GPs' Perceptions of Cardiovascular Risk and Views on Patient Compliance: A Qualitative Interview Study.
AuthorBarfoed, Benedicte Lind; Jarbøl, Dorte Ejg; Paulsen, Maja Skov; Christensen, Palle Mark; Halvorsen, Peder Andreas; Nielsen, Jesper Bo; Søndergaard, Jens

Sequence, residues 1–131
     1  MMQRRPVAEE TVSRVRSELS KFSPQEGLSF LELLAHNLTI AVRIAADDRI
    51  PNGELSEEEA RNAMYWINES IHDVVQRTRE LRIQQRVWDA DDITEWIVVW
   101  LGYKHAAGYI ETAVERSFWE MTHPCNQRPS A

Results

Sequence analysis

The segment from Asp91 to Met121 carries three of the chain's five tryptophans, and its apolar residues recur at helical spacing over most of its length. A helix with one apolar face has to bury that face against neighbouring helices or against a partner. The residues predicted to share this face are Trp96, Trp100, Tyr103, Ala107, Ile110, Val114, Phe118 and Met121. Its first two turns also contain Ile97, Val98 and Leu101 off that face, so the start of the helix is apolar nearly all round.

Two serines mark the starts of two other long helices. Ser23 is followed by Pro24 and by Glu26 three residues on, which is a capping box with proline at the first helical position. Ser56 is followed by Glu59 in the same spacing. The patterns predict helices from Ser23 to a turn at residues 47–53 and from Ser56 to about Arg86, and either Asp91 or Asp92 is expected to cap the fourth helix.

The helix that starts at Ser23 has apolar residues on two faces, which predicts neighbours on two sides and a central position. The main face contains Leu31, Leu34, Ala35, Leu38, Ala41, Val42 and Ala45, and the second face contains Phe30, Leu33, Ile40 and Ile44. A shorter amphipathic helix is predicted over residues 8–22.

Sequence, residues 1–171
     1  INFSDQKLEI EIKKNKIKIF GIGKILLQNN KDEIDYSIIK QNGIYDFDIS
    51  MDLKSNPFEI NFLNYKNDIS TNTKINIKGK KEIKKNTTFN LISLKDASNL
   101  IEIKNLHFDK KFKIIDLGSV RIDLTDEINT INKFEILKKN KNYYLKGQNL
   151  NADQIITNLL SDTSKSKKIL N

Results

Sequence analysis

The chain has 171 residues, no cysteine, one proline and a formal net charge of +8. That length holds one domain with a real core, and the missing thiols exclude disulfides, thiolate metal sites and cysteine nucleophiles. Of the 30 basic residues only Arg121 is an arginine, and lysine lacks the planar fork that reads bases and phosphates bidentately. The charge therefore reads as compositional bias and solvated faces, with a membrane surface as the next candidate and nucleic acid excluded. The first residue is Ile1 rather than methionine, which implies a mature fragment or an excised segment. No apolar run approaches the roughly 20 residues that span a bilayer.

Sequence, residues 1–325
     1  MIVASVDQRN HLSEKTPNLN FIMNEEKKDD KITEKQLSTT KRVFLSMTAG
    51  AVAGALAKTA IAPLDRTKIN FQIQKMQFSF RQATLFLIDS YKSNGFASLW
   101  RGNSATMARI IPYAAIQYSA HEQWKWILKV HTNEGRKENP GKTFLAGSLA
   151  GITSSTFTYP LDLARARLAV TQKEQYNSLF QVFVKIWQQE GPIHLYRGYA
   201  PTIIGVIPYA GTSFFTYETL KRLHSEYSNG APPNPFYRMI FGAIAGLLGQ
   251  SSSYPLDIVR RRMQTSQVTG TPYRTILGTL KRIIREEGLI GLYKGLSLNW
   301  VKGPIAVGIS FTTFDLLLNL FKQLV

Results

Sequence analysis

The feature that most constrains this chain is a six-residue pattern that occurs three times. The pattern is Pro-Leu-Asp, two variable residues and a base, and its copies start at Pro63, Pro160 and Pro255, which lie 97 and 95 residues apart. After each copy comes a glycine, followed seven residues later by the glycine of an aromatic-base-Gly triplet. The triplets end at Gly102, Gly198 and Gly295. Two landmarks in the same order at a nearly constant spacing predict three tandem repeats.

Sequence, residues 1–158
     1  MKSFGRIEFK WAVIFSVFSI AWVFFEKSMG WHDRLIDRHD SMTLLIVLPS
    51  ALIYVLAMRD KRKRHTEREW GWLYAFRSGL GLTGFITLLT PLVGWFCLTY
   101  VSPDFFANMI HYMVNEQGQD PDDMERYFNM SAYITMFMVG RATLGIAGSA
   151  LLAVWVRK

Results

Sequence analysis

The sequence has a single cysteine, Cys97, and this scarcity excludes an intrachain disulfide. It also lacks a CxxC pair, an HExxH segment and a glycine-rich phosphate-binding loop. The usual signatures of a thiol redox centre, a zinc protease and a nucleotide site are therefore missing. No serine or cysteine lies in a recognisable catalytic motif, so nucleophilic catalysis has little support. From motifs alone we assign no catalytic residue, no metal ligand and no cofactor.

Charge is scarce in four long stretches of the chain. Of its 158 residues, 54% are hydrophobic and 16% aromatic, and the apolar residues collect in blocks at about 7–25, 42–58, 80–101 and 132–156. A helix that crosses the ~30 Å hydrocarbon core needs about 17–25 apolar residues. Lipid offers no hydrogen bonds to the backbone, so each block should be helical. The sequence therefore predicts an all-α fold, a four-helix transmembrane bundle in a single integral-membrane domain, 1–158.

Objective. General practitioners’ (GPs’) perception of risk is a cornerstone of preventive care. The aims of this interview study were to explore GPs’ professional and personal attitudes and experiences regarding treatment with lipid-lowering drugs and their views on patient compliance. Methods. The material was drawn from semistructured qualitative interviews. We sampled GPs purposively from ten selected practices, ensuring diversity of demographic, professional, and personal characteristics.The GPs were encouraged to describe examples from their own practices and reflect on them and were informed that the focus was their personal attitudes and experiences. Systematic text condensation was applied for analysis in order to uncover the concepts and themes. Results. The analysis revealed the following 3 main themes: (1) use of cardiovascular guidelines and risk assessment tools, (2) strategies for managing patient compliance, and (3) GPs’ own risk management. There were substantial differences in the attitudes concerning all three themes. Conclusions. The substantial differences in the GPs’ personal and professional risk perceptions may be a key to understanding why GPs do not always follow cardiovascular guidelines. The impact on daily clinical practice, personal consultation style, and patient behaviour with regard to prevention is worth studying further.